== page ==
How Marketing Influences Enrollment in Higher Education
Due to the growth of competition, marketing has become a vital action for non-profit organizations. According to Thomas Hayes, author of New Strategies in Higher Education Marketing, colleges and universities provide a prime example of this movement in non-profit organizations. The marketing of higher education institutions have regained a respectful volume of prominence and consideration. Nevertheless, just like numerous non-profit organizations, higher education institutions usually take a sales angle approach to marketing. The sales angle is predominantly an aggressive campaign through advertising and individual selling. In marketing higher education, an incredible burden has been placed on recruiting activities and student enrollment. Predominantly, personal selling has been accentuated in the form of recruitment activities. Pressure put on advertisement and direct marketing are some of the other areas included in promotion of the college or university. Conversely, the marketing determinations of higher education institutions have essentially ignored the other areas of the marketing mix including product, price and distribution. Hayes argues that all of the areas of the marketing mix need to be incorporated together to develop the prime level of marketing activity for institutions of higher education, and thus creating a positive increase in enrollment for that institution (Hayes 17-18). According to the American Marketing Association, also known as AMA, marketing is “the activity, set of institutions, and processes for creating, communicating, delivering, and exchanging offerings that have value for customers, clients, partners, and society at large.” When dealing with business to consumer marketing, marketing is known as “the process by which companies create value for customers and build strong customer relationships, in order to capture value from customers in return.” When referring to business to business marketing, it can be defined as generating worth, results and connections either short term or long term with a business or a brand (“AMA Definition of Marketing”). Marketing produces the strategy that motivates sales methods, business communication, and business growths. Marketing is also a unified procedure through which companies build strong customer connections and generate an importance for their customers and for themselves. Marketing is used to recognize, satisfy, and retain the customer. With the customer being the concentration of its events, marketing management is one of the main constituents of business management. The endorsement of marketing strategies involves businesses to change their original emphasis from production to the apparent needs and wants of their customers as the means of remaining profitable, and in the higher education world, also attracting and retaining students (Kotler, Armstrong, Wong and Saunders 7). There are many different types of marketing strategies available for non-profit organizations and businesses to take advantage of. The most common types of marketing initiatives that are used in college and university marketing strategies will be examined. Print advertising campaigns include both newspaper and magazine advertising. This type of marketing can deliver an array of messages and can be concentrated on a specific audience, depending on the readers of the chosen publication. Since technology has become a way of life, this form of marketing, with the goal of increasing enrollment in higher educational institutions, seems to be ineffective. In addition, print advertisings have to be ready well in advance to meet the deadlines of the publications; this is especially true when dealing with monthly magazines, since their print date is usually months prior to their release date. Despite the common belief that direct mail marketing’s best days are in the past, this traditional form of advertising still has a lot of...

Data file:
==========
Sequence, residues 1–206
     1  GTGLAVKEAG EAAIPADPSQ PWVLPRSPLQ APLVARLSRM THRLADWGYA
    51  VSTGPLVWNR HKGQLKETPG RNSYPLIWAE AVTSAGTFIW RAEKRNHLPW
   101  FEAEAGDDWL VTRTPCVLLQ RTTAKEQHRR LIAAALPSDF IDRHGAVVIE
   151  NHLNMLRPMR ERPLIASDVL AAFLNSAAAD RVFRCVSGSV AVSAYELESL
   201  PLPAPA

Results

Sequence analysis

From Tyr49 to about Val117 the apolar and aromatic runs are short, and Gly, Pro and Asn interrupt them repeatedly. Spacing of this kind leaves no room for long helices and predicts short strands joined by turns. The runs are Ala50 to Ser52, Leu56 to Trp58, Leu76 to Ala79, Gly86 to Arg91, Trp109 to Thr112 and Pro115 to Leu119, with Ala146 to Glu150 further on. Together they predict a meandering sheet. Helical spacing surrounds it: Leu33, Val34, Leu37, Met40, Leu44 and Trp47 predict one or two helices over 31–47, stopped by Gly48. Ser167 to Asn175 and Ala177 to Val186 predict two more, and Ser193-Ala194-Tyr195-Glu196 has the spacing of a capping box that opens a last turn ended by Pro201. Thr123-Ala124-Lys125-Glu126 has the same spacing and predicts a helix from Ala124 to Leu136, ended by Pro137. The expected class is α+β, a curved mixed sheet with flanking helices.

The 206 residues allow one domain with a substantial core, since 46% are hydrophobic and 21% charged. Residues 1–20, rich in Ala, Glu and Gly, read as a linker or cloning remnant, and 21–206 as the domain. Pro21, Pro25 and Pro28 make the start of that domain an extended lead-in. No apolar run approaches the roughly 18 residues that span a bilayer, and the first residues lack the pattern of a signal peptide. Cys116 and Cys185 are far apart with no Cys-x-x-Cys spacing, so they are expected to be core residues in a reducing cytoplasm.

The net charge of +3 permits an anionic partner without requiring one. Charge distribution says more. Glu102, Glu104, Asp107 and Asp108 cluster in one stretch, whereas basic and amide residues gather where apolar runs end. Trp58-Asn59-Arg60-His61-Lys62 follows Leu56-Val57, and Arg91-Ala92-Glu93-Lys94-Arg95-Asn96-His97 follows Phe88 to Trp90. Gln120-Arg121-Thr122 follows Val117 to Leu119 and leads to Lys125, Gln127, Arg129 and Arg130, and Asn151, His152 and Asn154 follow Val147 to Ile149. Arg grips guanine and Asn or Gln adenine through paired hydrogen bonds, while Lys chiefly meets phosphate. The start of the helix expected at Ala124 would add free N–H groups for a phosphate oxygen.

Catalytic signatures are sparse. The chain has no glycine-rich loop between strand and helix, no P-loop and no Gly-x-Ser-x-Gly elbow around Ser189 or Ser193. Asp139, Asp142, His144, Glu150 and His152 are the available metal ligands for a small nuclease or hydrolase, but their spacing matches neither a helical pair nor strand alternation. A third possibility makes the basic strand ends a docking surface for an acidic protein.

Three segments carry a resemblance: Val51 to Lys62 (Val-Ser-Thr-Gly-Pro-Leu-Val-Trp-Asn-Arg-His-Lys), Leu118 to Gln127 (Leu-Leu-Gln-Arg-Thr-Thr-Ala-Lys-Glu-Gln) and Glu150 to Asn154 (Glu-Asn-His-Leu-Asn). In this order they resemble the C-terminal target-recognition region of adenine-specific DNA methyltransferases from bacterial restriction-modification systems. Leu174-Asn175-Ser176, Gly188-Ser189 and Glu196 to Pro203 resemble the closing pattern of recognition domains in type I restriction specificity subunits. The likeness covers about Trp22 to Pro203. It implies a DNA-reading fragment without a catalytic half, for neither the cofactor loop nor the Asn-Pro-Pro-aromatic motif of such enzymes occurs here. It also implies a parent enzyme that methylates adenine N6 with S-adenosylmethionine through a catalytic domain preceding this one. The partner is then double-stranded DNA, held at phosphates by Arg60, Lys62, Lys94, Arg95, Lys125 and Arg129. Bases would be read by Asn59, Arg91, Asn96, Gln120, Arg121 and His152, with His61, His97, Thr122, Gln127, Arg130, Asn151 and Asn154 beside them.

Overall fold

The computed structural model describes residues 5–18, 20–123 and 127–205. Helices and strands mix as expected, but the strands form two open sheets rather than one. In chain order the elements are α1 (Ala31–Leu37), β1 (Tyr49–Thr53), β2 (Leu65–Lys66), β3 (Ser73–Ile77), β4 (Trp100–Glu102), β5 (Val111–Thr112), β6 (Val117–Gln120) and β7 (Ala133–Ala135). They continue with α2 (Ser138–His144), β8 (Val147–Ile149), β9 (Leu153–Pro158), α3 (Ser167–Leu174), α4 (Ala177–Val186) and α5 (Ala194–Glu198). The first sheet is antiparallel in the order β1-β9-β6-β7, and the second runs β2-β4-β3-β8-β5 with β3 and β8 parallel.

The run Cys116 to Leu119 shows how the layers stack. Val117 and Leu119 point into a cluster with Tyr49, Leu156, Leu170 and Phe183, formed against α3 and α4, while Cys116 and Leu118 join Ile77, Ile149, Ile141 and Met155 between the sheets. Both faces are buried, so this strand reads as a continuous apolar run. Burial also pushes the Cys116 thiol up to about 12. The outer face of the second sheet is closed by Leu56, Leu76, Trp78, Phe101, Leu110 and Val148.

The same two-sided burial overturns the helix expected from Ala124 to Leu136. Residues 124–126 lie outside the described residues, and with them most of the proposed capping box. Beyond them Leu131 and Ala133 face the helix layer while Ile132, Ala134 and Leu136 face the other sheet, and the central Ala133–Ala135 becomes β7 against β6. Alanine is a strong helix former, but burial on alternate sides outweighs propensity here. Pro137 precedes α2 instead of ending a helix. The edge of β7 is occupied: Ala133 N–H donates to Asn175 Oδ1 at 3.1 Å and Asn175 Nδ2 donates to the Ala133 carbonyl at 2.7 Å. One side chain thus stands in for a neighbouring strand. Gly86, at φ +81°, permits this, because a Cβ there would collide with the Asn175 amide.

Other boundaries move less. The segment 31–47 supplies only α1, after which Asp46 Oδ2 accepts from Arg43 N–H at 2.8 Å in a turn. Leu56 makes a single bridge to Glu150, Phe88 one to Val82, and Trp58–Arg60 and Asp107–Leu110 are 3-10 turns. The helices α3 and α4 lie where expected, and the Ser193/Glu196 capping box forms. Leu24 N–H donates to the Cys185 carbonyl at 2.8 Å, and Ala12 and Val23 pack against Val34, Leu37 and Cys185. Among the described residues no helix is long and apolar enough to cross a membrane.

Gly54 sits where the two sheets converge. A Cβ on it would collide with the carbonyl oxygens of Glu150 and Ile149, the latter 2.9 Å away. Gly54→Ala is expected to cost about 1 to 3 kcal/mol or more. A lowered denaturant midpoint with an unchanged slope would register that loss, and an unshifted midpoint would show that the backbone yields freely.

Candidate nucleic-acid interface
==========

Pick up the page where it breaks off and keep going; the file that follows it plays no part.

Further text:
Please join StudyMode to read the full document